A memo released a few days by Democracy Corps, based on interviews with working-class voters in Florida and Ohio, has not gotten the attention it deserves. It underscores how deeply working-class people sense that there is something fundamentally wrong with the American economy, and that both the conservative wrecking crew in Congress and the green-shoots cheerleaders on the other side are out of touch with what these voters expect of their leaders.
Erica Seifert, a senior associate with Democracy Corps, participated in those focus group sessions, and in this interview we discuss some of the insights that emerged.
As the memo makes clear, what these voters see is an economy that is fundamentally stacked against them. Yes, there are signs of “recovery,” but it is not necessarily a recovery for them. One of the biggest concerns that emerged is that “American jobs have been fundamentally restructured to pay less,” with the consequence that heads of households have to work as many as three jobs instead of just one or one-and-a-half – and even with three jobs they still struggle to make ends meet. “You have to work twice as hard to make half as much as you used to” was a typical comment from a focus group participant.
What is also potentially worrisome is that these workers “have downsized and adapted their expectations for a good economy.” Their hopes are simple: a few dollars left over at the end of the month to put into a savings account, an increase in pay a year from now. Beleaguered voters too tired and beaten down to agitate could be fertile ground for politicians who would continue the very policies that have resulted in these voters feeling tired and beaten down.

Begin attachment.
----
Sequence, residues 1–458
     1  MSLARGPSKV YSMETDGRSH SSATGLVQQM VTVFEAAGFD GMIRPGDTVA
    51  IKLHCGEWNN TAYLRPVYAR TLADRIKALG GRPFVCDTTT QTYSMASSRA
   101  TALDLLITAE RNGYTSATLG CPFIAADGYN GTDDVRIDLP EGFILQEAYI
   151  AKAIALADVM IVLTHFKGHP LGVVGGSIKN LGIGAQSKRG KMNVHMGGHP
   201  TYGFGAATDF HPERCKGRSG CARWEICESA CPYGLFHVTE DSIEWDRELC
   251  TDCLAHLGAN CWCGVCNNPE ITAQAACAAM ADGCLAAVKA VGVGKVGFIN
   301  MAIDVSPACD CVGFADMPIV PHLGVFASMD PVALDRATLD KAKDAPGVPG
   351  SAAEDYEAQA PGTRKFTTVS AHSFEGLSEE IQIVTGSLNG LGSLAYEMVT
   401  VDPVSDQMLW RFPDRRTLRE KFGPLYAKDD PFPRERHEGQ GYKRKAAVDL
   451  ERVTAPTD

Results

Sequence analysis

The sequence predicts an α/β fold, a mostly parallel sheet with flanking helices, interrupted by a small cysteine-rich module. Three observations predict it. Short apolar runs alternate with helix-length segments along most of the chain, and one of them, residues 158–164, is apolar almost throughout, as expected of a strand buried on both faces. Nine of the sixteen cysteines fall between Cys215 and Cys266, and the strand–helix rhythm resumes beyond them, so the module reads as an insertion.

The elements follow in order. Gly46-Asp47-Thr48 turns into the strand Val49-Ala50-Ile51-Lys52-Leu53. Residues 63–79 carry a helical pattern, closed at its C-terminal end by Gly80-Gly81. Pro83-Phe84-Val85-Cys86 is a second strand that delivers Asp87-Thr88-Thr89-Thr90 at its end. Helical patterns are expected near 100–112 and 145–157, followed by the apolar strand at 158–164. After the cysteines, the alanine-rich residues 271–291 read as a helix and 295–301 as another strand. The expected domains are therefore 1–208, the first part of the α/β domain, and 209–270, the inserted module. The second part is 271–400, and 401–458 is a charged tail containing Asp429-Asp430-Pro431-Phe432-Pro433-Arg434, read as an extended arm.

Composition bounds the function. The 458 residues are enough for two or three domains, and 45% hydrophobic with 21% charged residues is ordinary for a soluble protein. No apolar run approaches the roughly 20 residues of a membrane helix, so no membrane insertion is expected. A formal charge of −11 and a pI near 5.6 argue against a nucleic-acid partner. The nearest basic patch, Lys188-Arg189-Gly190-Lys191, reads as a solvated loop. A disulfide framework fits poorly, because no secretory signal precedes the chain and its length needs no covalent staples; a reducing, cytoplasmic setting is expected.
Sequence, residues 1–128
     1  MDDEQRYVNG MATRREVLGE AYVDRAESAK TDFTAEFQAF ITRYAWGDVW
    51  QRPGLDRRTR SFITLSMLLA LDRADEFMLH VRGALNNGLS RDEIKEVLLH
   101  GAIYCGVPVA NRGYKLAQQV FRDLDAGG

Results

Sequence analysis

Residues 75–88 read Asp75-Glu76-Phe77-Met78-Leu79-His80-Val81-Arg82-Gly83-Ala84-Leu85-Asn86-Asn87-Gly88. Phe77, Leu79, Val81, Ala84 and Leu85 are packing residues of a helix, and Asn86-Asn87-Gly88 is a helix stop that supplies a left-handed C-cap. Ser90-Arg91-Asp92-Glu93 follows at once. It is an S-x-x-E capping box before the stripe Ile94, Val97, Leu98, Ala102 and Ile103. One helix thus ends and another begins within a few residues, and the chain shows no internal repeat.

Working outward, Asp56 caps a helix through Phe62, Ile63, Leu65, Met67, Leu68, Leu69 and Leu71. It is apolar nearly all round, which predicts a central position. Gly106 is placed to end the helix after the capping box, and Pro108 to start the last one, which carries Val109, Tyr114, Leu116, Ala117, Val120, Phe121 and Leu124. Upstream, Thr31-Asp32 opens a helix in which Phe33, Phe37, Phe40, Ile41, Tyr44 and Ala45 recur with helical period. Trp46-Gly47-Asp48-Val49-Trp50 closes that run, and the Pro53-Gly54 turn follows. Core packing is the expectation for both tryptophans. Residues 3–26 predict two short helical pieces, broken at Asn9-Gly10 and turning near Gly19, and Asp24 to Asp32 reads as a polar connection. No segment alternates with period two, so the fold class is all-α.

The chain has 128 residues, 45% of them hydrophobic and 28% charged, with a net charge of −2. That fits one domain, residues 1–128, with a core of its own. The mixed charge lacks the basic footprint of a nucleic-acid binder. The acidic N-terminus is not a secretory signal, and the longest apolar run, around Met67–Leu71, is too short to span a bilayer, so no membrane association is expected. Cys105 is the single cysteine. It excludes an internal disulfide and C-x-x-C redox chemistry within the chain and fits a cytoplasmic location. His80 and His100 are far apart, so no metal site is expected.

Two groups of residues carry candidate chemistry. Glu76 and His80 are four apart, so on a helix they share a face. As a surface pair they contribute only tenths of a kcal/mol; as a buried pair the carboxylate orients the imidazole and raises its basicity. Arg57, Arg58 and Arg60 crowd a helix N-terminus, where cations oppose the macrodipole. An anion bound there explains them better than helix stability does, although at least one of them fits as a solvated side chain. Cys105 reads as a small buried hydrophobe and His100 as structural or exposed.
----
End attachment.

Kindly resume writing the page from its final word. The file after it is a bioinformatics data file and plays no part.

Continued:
Yet as these voters feel themselves sinking in this new, more brutal and inequitable American economy, they are looking for champions. These are the people who will articulate what these voters intuitively know – that four decades of conservative ideology has resulted in an economy rigged in favor of the wealthy and corporations as the expense of the middle class and the financially struggling, and strong measures are needed to dismantle the rigging and make the economy fair for all.
They also know that we should be investing in the future – that we should not be foregoing needed investments in our public assets in the name of fiscal austerity or turning public assets into private profit centers. They know that shortchanging public education and loading down college students with debt is doing real harm to individuals and to the overall economy. And while they distrust government, thanks in part to years of right-wing anti-government propaganda, they instinctively know that government functioning for and empowered by the people is a core part of making the economy work again for working people.
The only question is who will step forward in the coming weeks and months to articulate a compelling vision that will unite these economically struggling voters into a potent, progressive political force.